If you are new to the idea of securitized real estate and fractional ownership of investment property, you may be confused at the different types of properties available. Perhaps you have always been a single owner investor of one or two single-family or duplex rental properties, and are unsure whether to make the jump to a more sophisticated investment. Or perhaps you aren’t a real estate investor at all. Perhaps you find yourself wishing to sell a parcel of property you’ve held for a long time, but are faced with significant capital gains. You may be looking for a way to defer a large tax bill, while also finding a […]
In some areas of the country, a real estate boom is happening that is having a direct impact on 1031 exchanges. High demand for properties is making it difficult for investors to find suitable replacement properties within the strict IRS timing rules. So what is an investor to do when they want to defer capital gains through a 1031 exchange? For many investors, the answer lies in fractional ownership arrangements utilizing Tenancies in Common (TIC) or Delaware Statutory Trusts (DST). With these sort of investment vehicles, an investor is able to purchase a portion of an overall investment property and share in a proportional amount of revenue and appreciation. TICs […]
For investors new to the real estate market, the idea of investing in a triple-net lease property may seem like an appealing – yet also daunting – proposition. While such investments can be quite beneficial to investors, they can also bring with them complications. Understanding the basics and conducting appropriate due diligence are both required. Likewise, careful negotiation and consideration of your investment objectives should be considered before committing to this sort of investment property. The Basics Triple-net leases are used in a variety of contexts, including rental of office complexes, industrial buildings and retail space. The terms of a triple-net lease requires the tenant to assume responsibility for taxes, […]
For the real estate investor who wants to defer capital gains taxes, a 1031 exchange is an appealing solution. But perhaps the same investor wants to move into larger, more lucrative parcels of real estate – the sort of investments he or she may not be able to make on their own. Investing in a Tenancy in Common-structured investment may be one solution. Tenancy In Common (TIC) is a way for two or more individuals to have an undivided fractional ownership interest in a single property. With a TIC, each owner has individual rights and obligations related to the property. These rights equal the proportionate share of the owner’s interest. […]
According to a recent article in Realty Biz News, 1031 and private investors are dominating the acquisition of net lease assets priced below $10 million. And for investors with low equity requirements (below $2 million), QSR properties are a more appealing alternative to dollar stores for 1031 exchange buyers. Why? Leases that offer recognizable tenants with long lease terms, no landlord responsibilities and rental escalations. Read the full story here.
So you are an investor with a particularly unique set of circumstances. To minimize risk, you’d like IRS guidance on the nuances of a planned investment transaction, before you proceed. The good news is that there is an avenue for asking your question and receiving a cohesive response. As an investor, you should be familiar with Private Letter Rulings (PLR) issued by the Internal Revenue Service. While many investors will never seek a PLR themselves, they will often rely on other rulings for guidance when conducting their own exchange. A Private Letter Ruling is a written statement issued by the IRS in response to a taxpayer’s formal request for guidance. […]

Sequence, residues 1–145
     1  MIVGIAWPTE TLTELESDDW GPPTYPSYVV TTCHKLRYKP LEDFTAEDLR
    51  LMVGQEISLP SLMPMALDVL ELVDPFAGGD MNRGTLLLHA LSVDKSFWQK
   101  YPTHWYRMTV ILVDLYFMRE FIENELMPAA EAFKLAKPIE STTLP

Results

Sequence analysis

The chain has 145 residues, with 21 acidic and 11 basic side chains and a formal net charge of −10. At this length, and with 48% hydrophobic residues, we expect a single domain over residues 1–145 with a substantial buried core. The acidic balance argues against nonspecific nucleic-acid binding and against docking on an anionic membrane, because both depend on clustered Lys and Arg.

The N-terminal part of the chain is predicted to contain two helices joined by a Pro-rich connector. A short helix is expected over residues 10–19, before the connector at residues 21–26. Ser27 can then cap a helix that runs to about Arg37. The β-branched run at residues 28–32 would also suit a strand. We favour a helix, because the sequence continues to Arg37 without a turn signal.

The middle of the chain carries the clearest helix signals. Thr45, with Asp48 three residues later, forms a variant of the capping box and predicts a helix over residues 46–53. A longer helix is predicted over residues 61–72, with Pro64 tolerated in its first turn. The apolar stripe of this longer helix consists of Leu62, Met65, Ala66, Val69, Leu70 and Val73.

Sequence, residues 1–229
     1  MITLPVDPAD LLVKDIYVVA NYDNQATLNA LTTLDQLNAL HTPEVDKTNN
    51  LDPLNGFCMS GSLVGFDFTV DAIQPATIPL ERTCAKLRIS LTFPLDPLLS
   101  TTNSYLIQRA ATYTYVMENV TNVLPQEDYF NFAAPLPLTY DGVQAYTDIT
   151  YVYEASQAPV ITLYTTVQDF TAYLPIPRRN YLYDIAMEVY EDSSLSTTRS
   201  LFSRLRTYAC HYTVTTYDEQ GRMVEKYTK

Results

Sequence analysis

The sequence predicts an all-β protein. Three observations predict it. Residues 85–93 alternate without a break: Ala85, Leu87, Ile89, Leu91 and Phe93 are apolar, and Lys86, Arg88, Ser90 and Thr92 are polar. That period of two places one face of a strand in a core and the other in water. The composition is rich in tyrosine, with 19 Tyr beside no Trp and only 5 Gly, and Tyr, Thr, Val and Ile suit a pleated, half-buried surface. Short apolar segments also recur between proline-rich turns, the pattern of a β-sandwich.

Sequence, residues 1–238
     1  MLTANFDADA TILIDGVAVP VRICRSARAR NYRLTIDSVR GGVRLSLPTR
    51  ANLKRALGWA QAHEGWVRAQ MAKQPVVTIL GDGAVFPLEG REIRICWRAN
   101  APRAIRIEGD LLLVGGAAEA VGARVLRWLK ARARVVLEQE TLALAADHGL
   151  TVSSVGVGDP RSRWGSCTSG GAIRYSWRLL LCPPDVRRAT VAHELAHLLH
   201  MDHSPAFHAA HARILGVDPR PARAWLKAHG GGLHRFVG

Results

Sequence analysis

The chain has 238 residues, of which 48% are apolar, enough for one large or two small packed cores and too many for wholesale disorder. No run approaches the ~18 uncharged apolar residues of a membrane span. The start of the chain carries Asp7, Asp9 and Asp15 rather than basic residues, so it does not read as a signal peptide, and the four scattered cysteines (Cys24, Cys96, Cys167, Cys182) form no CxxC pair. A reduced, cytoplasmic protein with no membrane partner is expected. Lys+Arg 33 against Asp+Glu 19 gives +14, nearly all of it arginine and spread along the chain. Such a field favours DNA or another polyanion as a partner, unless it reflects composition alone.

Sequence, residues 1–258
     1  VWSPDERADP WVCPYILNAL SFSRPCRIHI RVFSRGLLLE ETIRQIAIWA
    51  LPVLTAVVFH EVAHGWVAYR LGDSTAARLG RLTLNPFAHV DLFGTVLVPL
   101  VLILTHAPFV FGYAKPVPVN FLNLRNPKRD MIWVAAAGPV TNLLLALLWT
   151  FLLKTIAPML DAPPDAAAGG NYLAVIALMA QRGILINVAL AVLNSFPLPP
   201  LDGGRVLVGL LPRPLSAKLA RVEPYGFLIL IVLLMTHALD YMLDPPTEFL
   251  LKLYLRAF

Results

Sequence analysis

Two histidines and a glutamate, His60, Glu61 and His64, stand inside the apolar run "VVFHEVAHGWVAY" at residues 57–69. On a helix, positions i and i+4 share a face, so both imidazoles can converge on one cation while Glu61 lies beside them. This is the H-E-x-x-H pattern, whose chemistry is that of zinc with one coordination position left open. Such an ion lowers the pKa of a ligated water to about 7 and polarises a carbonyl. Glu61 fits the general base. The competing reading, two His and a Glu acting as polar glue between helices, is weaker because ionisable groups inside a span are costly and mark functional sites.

1031 exchanges have enjoyed explosive growth in popularity in recent years. Once the sole domain of professional investors and commercial brokers, today you will find 1031 exchanges being used by professional and casual investors alike. However, along with this popularity has come many misconceptions about this powerful tax-deferral tool. Allow us to debunk some of the most common myths about 1031 exchanges. A taxpayer cannot complete a 1031 exchange with a related party. FALSE! Related parties can buy or sell property in a valid 1031 exchange. When related parties (e.g., parents, spouses, children, siblings, etc.) exchange property, the related party is obligated to own the property for at least two […]
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One area that is carefully reviewed in any 1031 exchange is the identification of replacement property. Did identification occur within approved deadlines? Was the property specifically identified? Does it meet value requirements? All these questions trap the unwary investor. However, you can avoid unnecessary IRS scrutiny by following these tips. 3 Property Rule – This allows an investor to identify up to three replacement properties eventually acquire, one, two or all three of them. 200% Rule – An investor can identify more than three possible replacement properties so long as the total fair market value of all those properties identified does not exceed 200% of the fair market value of […]
If you are at all interested in investing in real estate, you may have heard the acronym “DST” along the way. DST stands for Delaware Statutory Trust and it is a great way to boost the profile of the property you own, while still taking advantage of the tax benefits of section 1031 of the IRS code. A DST is actually a legal entity created for real estate investment purposes as a trust under Delaware state law. DSTs are especially useful in a 1031 exchange. The IRS has determined that any beneficial interest in the DST is treated as identical to a direct interest in real estate. This means that […]